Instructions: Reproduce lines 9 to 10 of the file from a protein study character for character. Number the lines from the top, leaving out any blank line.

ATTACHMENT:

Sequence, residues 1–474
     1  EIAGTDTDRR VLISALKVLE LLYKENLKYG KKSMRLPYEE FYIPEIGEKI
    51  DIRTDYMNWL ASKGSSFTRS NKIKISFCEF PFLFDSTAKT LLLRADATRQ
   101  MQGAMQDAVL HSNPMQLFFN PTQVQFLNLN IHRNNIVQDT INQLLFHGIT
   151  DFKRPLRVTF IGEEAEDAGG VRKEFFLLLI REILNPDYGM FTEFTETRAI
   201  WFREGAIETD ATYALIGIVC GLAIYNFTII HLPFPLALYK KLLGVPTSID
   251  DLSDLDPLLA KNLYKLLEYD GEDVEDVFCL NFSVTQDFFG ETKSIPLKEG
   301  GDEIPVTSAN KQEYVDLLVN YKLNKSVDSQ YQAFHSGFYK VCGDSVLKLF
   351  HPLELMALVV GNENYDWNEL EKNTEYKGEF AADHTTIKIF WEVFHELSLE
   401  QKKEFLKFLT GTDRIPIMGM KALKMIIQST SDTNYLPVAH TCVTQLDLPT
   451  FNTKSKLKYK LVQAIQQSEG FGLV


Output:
   351  HPLELMALVV GNENYDWNEL EKNTEYKGEF AADHTTIKIF WEVFHELSLE
   401  QKKEFLKFLT GTDRIPIMGM KALKMIIQST SDTNYLPVAH TCVTQLDLPT